The XX Factor

Julianna Margulies Should Own Her Animosity Against Archie Panjabi, Not Cry Sexism.  

The Good Wife’s Julianna Margulies.

Photo by VALERIE MACON/AFP/Getty Images

Long-time watchers of The Good Wife, which began its seventh season Sunday night, know that star Julianna Margulies and supporting actress Archie Panjabi have not appeared in a scene together for years. When the plot requires their characters to interact, only the sorcery of split-screens can make it happen. It’s generally assumed that a rift between Margulies and Panjabi is to blame for this weird feature of the show’s space-time continuum. But at the New Yorker Festival last weekend, Margulies insisted to an interviewer that she and her coworker were totally fine. “There’s no animosity on my part,” she said. “It’s a shame, because I wonder if it was two men, when one finds out that he fucked his best friend’s wife, if it would get that same attention, you know what I mean?”

This dodge achieved two things: It left open the possibility that a less mature Panjabi might have issues with Margulies, and it indicted a curious public for its interest in the latest celebrity “cat fight.” Margulies implied that audiences were distorting her relationship with a colleague in order to indulge their hunger for lady conflict. 

Except, as Sam Adams points out on Indiewire, the notion that there is no feud, no sir, is a hand of bananas. Margulies explained that Panjabi could not film onset because she had prior commitments to The Fall, a BBC drama she signed onto last January. But Panjabi has been a member of the Good Wife cast since 2009, and that obligation would likely take priority; what’s more, Panjabi only needed to find time to film a single Good Wife scene while also shooting a six-episode miniseries. That is very doable, so long as your co-star doesn’t hate your guts! Anyway, Panjabi swiftly tweeted this rebuttal:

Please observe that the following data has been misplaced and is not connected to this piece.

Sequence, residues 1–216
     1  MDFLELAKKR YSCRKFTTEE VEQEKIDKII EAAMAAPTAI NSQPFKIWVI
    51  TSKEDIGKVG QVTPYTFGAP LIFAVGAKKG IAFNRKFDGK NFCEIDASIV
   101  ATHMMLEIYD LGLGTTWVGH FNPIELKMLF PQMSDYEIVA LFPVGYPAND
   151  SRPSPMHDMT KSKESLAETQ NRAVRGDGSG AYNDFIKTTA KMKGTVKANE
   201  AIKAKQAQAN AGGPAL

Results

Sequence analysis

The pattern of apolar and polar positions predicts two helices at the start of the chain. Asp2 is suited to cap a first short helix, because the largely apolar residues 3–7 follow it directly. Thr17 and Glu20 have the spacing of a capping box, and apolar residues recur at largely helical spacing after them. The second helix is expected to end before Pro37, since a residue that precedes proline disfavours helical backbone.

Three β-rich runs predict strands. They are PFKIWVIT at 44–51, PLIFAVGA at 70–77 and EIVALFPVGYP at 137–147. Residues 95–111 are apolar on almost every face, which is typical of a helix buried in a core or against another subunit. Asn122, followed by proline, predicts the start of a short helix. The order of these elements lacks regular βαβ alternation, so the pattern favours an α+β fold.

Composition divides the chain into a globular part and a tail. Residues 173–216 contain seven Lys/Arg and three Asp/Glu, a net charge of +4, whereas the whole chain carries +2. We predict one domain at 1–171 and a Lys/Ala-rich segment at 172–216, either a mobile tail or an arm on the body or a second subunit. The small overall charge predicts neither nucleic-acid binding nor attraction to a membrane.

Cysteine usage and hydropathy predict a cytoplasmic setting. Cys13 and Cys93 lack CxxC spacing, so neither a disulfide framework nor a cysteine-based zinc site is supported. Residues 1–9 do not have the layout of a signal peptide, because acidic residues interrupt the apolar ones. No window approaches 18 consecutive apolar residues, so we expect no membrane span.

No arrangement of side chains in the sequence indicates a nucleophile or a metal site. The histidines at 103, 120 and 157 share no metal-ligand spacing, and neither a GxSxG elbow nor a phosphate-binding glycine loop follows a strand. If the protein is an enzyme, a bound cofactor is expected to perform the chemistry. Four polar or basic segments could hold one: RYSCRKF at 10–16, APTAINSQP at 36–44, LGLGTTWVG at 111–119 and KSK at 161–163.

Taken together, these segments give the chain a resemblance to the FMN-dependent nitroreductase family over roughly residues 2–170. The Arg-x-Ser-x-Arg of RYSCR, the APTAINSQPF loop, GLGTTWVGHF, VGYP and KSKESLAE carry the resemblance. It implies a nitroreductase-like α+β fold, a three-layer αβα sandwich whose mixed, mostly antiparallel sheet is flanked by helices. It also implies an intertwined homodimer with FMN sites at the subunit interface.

So Margulies’ “no animosity” claim seems a bit suspect. It would be one thing if she did not want to discuss whatever (un)professional beef prevents her and Panjabi from being in physical proximity. But to accuse us of sexism when we wonder about an obvious tension is not only disingenuous—it’s a disservice to the feminist cause she wants to drape over her shoulders. That is how you warm up the cold shoulders you present to your female co-stars: You wrap them in feminism.

Of course, the media habit of covering real or imagined fights between women as petty, gendered affairs needs to stop. Famous women are allowed to feel animosity without betraying the rest of us; they are even allowed to act like spoiled divas. But the Margulies v. Panjabi quarrel exists, it is unusual, and it has shaped the show’s creative arc. Being curious about what happened isn’t sexist—it’s human. Perhaps our celebrity culture remains unkind to “emotional” ladies, but if Panjabi’s offenses truly warrant such an extreme response from Margulies, then Margulies should woman up and own her antagonism, not wave a sexism flag. It’s harder to accept her or other pissed-off stars as complex humans unless they admit they aren’t perfect angels.